Saturday, 23 August 2008

Stout Butt Beer

If you were wondering, after yesterday's post, how to brew a Butt Beer, you're in luck. Courtesy of "London and Country Brewer" (1736), here is probably the first description of how to make Brown Stout.
"This is the strongest Butt-Beer that is Brewed from brown Malt, and often sold for forty Shillings the Barrel, or six Pound the Butt out of the wholesale Cellars: The Liquor (for it is Sixpence forfeit in the London Brewhouse if the word Water is named) in the Copper designed for the first Mash, has a two Bushel Basket, or more, of the most hully Malt throw'd over it, to cover its Top and forward its Boiling; this must be made very hot, almost ready to boil, yet not so as to blister, for then it will be in too high a Heat; but as an indication of this, the foul part of the Liquor will ascend, and the Malt swell up, and then it must be parted, look'd into and felt with the Finger or back of the Hand, and if the Liquor is clear and can but be just endured, it is then enough, and the Stoker must damp his fire as soon as possible by throwing in a good Parcel of fresh Coals, and shutting his Iron vent Doors, if there are any; immediately on this they let as much cold Liquor or Water run into the Copper as will make it all of a Heat, somewhat more than Blood-warm, this they Pump over, or let it pass by a Cock into an upright wooden square Spout or Trunk, and it directly rises thro' the Holes of a false Bottom into the Malt, which is work'd by several Men with Oars for about half an Hour, and is called the first and stiff Mash: While this is doing, there is more Liquor heating in the Copper that must not be let into the mash Tun till it is very sharp, almost ready to boil, with this they Mash again, then cover it with several Baskets of Malt, and let it stand an Hour before it runs into the Under-back, which when boiled an Hour and a half with a good quantity of Hops makes this Stout. The next is Mash'd with a cooler Liquor, then a sharper, and the next Blood-warm or quite Cold; by which alternate degrees of Heat, a Quantity of small Beer is made after the Stout."
You'll notice the very scientific sticking-your-finger-in method of determining if the water was hot enough for mashing. Each of the five mashes seems to be at a different temperature: a bit more than blood-warm, almost boiling, cooler, hotter, blood-warm. Sounds simple. Why did they ever bother introducing thermometers?

Here's a question for you homebrewers out there. Have any of you ever tried brewing without a thermometer? Yes, I realise it's a crazy thing to do in this modern age. But I'm intrigued as to how tricky (or not) it might be. Brewers did manage without thermometers for several thousand years, so it can't be that difficult. Can it?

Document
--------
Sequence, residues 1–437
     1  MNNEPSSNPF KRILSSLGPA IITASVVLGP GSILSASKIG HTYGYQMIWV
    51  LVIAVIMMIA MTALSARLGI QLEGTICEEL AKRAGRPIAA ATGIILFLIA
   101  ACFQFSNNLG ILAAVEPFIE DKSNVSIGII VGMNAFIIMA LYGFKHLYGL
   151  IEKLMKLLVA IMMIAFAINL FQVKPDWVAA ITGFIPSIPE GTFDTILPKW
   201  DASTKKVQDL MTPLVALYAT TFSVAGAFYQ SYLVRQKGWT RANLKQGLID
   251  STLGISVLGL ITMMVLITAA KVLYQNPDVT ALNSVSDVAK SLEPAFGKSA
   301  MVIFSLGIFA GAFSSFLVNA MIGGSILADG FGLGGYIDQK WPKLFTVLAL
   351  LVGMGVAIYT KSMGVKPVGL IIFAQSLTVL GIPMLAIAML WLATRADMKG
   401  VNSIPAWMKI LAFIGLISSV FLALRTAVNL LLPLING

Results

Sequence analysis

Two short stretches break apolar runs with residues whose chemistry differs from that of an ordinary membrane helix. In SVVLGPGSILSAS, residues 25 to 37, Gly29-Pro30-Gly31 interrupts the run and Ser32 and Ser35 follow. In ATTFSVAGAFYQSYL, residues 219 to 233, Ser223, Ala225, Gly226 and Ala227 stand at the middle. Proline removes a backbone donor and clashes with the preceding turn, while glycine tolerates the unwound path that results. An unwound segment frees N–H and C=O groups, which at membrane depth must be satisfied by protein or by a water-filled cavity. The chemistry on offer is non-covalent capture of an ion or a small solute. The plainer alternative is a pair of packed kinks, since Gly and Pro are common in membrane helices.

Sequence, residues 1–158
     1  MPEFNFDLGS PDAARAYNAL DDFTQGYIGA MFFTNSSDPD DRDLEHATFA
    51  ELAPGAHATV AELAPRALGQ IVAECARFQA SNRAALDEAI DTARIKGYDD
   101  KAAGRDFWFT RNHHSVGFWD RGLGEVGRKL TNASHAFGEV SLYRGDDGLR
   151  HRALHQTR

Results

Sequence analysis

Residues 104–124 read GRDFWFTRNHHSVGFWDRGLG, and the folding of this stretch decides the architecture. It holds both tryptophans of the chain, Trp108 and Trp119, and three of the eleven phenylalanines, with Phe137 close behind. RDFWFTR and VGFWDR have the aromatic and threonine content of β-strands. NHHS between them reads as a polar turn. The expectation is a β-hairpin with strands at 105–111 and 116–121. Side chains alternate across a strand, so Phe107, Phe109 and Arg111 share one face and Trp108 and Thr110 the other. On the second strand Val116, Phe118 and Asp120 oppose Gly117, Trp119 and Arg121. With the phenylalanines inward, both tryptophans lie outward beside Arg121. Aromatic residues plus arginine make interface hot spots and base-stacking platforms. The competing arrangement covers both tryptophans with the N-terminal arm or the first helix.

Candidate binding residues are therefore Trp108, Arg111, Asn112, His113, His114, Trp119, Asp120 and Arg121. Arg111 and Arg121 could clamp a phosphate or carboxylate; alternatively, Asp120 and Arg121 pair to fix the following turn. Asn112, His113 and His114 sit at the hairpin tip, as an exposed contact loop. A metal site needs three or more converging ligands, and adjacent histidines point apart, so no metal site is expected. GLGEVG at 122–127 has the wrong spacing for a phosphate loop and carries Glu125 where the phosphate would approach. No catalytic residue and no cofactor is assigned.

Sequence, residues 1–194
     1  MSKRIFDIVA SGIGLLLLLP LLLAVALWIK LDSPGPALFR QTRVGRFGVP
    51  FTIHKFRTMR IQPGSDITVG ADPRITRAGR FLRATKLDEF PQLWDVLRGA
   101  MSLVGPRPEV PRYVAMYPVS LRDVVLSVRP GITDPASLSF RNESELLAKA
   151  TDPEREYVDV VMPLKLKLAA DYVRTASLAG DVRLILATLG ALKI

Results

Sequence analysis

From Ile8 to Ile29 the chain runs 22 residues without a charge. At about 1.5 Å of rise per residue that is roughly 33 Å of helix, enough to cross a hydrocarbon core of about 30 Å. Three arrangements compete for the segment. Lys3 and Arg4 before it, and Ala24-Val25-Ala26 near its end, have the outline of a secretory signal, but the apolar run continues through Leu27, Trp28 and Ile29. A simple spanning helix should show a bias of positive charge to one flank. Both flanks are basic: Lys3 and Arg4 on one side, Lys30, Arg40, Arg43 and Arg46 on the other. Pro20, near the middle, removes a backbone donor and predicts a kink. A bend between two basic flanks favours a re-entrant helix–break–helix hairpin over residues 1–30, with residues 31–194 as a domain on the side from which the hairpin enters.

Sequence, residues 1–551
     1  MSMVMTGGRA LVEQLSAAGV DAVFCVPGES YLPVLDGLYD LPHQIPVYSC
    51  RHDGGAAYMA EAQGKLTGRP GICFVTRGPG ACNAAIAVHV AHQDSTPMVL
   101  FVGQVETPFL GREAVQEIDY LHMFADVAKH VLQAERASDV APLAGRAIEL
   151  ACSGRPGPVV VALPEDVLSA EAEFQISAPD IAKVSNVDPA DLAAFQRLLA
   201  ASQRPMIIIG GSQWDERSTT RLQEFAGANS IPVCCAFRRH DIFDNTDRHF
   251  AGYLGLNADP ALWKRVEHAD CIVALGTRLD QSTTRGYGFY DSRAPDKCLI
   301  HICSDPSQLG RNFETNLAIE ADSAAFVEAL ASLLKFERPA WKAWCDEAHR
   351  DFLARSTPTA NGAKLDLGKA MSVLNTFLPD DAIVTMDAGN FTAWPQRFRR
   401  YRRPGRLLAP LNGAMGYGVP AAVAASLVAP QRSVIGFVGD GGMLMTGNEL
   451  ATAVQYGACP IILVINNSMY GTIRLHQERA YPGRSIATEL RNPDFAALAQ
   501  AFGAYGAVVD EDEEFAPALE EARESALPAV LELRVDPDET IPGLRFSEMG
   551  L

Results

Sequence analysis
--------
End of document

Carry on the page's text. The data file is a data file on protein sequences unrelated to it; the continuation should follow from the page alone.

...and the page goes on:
Oh, and no butt jokes, please.

11 comments:

Boak said...

great, that's our next brew! A stout butt beer, without thermometer.

Dale said...

Not brewing with a thermometer!
That's sacrilege!
I don't even take a ..., well, ignore that.

Everything by the numbers!
What's the point of being anal-retentive if you can't put it to good use.

Oblivious said...

You might be interested in the Fulacht Fia Beer, bronze/iron age Irish brewing

http://www.mooregroup.ie/beer/index.html

http://www.youtube.com/watch?v=dZ6K03ovxCM

Warren Pattison said...

I just started all-grain brewing, and I can't imagine doing that without a thermometer.

Although, if I were to make this Stout Butt beer, I may have to opt for a rectal thermometer. :)

Brendan said...

I've brewed without a thermometer twice, the first time through mishap, and the second time through design. The second time I brewed a triple decocted pale lager. My dough in temp was what felt slightly warmer than my hand, nearing discomfort. So by that metric I figured I hit somewhere in the 110-120 range. I then did three decoctions pulling 1/3 of the thickest part of the mash and boiling each for 40 minutes. Normallly I would boil for 30, but without measurement I knew that it would appear to be boiling before it hit 212. I think a more challenging proposition would be brewing without a watch.

Ron Pattinson said...

warren, what did I say about butt jokes?

Jonah said...

I brew without a thermometer, but I have not started all grain. I do keep an eye on the room temp while it is fermenting. I only aim for a drinkable, good beer. Not super or great.

Bill form Oregon said...

I haven't brewed without a thermometer either but remembered reading about someone recreating an ale from Colonial America where the directions for the mash temperature were:

"Bring your water to a boil and put it into the mash tun. When it has cooled enough that the steam has cleared and you can see your reflection in the water, add your malt to the tun"

According to the author, he did this and the water temperature was about 165F and when he added the malt, the temp went to about 148F. So it does seem that people came up with ways to get around the lack of a thermometer. The full article is here:
http://byo.com/feature/1035.html

Ron Pattinson said...

bill, I've seen the same tip for getting the temperature right for mashing in a book dated 1700. Great to hear that iy does work.

Looking at pre-thermometer brewing methods is disconcerting, but fun. I've been researching early-18th century mashing today. I lead such an exciting life.

Carlos said...

Good Job! :)

Barm said...

There is still an expression in modern German: "Da sind Hopfen und Malz verloren". which means the situation is hopeless, and literally it means the hops and malt are lost, and that's a good description of what happens if you mash too hot and destroy the enzymes which convert starch into sugar, you're left with a starchy malt soup which will never become beer whatever you do. A lost cause, in other words.

I suspect that before the widespread use of the thermometer, this must have happened fairly often. The existence of this expression is evidence.